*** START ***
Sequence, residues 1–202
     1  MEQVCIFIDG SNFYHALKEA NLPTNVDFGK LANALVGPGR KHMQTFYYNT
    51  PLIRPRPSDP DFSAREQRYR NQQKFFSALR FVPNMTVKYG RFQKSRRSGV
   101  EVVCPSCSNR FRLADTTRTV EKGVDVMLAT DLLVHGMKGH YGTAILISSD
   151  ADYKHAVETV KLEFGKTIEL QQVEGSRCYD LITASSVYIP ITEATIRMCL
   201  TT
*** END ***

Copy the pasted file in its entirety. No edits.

Sequence, residues 1–202
     1  MEQVCIFIDG SNFYHALKEA NLPTNVDFGK LANALVGPGR KHMQTFYYNT
    51  PLIRPRPSDP DFSAREQRYR NQQKFFSALR FVPNMTVKYG RFQKSRRSGV
   101  EVVCPSCSNR FRLADTTRTV EKGVDVMLAT DLLVHGMKGH YGTAILISSD
   151  ADYKHAVETV KLEFGKTIEL QQVEGSRCYD LITASSVYIP ITEATIRMCL
   201  TT